which, of course, exacerbated the problem. Finally, mark-to-market accounting was the
straw that broke the camel’s back as assets which were no longer able to be priced to
benchmarks were deemed to be worthless, which of course eliminated a great amount of
bank capital and so we wound up with TARP (Troubled Asset Relief Program) to bail them
So we witnessed the perfect storm in the Bush years, the culmination of years of mistakes
by Democrats, now conveniently blamed on the Republicans by Obama.
PCM Clients
October 18, 2012
In our July letter, we said a healthy thing to do is to avoid the Ss—sugar and starch--but
said there was also the third S to avoid (no, not sex) which is salt, and we said we would
have more to say on that subject at another time. That time is now, so to be healthy and
stay that way do your best to avoid those three Ss.
But first, a little history. In the world today, salt is plentiful and inexpensive, but that is not
the way it always was. For our ancestors salt was not easily found, so they got by on
about a tenth of today’s average salt use. Over time, we learned how to find salt and
extract it from the earth, but it was hard work and because it was so valuable it was used
for currency; a recent Harvard Health publication states the word salary is derived from the
Latin word for salt. Therefore, salt carried a certain prestige as even today a successful
man is “worth his salt” and a good man is “the salt of the earth.” Ultimately, over the years,
as salt was mined from the earth (salt domes) and recovered from former sea water lakes,
it became inexpensive and played a valuable role as a food preservative and so salt
consumption rose dramatically to as much as 7,000 mg a day in the 19th century. But
since we use other forms of preservation today, our need for salt is much less, but high
consumption continues, perhaps because of an acquired desire, so consumption in the US
is still nearly 3,500 mg daily. Salt, like sugar, is essential for human health, but not in the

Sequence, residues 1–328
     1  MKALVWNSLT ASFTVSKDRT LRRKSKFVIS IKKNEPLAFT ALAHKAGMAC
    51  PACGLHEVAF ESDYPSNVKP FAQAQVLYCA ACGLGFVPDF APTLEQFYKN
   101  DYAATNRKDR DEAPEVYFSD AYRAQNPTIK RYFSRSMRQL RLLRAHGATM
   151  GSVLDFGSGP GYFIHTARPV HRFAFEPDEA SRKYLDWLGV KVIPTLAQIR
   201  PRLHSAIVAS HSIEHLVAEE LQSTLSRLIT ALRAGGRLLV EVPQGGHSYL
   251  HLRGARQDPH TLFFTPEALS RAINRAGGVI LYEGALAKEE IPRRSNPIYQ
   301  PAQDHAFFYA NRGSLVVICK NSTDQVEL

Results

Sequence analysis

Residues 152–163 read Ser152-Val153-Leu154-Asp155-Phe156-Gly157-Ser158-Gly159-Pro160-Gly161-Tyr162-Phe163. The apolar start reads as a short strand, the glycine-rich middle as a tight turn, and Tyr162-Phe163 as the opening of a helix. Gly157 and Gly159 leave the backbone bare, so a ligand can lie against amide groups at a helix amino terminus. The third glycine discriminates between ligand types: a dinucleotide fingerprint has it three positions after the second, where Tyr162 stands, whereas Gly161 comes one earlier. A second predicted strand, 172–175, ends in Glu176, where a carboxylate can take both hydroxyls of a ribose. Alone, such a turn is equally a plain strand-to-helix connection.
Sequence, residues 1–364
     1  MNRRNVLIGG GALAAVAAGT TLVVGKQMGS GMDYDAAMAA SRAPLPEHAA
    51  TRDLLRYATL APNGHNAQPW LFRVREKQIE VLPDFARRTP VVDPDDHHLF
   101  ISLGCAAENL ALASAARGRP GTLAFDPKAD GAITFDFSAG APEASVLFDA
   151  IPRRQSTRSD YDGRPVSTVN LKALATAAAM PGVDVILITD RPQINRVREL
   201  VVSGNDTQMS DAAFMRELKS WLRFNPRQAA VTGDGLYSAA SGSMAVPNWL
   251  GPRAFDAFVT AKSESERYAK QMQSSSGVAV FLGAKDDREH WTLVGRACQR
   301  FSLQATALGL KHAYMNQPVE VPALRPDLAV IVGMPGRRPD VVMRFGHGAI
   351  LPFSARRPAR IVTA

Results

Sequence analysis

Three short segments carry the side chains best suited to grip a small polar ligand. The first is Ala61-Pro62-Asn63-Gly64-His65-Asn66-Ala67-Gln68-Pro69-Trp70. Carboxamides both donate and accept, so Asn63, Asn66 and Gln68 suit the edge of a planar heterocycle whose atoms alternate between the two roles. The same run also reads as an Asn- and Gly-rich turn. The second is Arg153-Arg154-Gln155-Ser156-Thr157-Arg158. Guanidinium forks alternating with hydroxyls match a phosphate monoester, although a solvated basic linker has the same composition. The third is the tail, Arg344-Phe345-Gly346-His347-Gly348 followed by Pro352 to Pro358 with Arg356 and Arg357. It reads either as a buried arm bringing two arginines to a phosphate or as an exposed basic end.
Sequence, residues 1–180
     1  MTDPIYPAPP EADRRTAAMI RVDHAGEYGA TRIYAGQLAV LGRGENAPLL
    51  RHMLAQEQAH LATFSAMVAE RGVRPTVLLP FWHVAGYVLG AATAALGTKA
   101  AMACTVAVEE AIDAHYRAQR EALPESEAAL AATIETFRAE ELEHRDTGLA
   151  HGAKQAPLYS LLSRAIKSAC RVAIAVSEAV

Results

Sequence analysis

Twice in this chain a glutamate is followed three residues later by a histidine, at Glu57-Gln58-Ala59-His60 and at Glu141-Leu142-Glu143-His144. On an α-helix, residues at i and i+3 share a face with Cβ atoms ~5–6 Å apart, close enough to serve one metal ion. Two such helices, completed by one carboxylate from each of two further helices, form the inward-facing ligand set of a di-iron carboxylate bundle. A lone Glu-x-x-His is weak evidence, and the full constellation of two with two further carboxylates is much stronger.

amounts we are used to. In fact, the USDA urges Americans to consume no more than
2,300 mg per day, and the American Heart Association and the Institute of Medicine say
no more than 1,500 mg daily or about 3.8 grams of sodium daily. It has been determined
that the physiological requirement of sodium to sustain life is about 500 mg per day.
Every molecule of ordinary salt is composed of an atom of sodium (Na) joined to an atom
of chloride (Cl), chemically designated as NaCl. Nutritional information is usually
expressed in milligrams (mg) or grams (g) and on labels is referred to as sodium. Here’s
how it works:
1,000 mg sodium = 1 g sodium
1 g sodium = 2.5 g salt
Another thing to consider is the
difference between refined and
unrefined salt. Refined salt is
what you see in salt shakers on
dinner tables.
It has been
processed and bleached to give
it a pure white appearance, but
it also contains toxic additives.
The refining process removes
minerals as well.
manufacturers believe all white salt (or sugar) products look cleaner to consumers, and
therefore can increase sales. Unrefined salt has a light (not white) appearance and
PCM Clients
October 18, 2012
contains more than 80 healthy minerals, such as magnesium, calcium, and potassium.
Unrefined salt is best for you, but just try to buy it. Of course, just as with sugar and
refined flour products, the debate rages on as to how much benefit is gained by restricting
its use.
Evidence points in the direction that restricting sodium intake reduces
hypertension and the risk of heart attack. In fact, the Harvard Medical School, as recently
as this August, in its Harvard Health Publication, stated that more than 100,000 American
deaths per year (3 times more than prostate cancer) is the fault of too much sodium in
diets, more than we need. The major effect of eating too much salt is a rise in blood
pressure, which in turn leads to a greater risk of heart attack and stroke. The Mayo Clinic
supports this conclusion, which is why Perk’s doctor always admonishes him NOT to
EVER pick up a salt shaker. Mayo publications also say that sea salt and table salt have
the same basic nutritional value, despite the hype for sea salt. Salt is still salt.
The problem is that
even if you never
pick up the salt
shaker, you likely
still get more than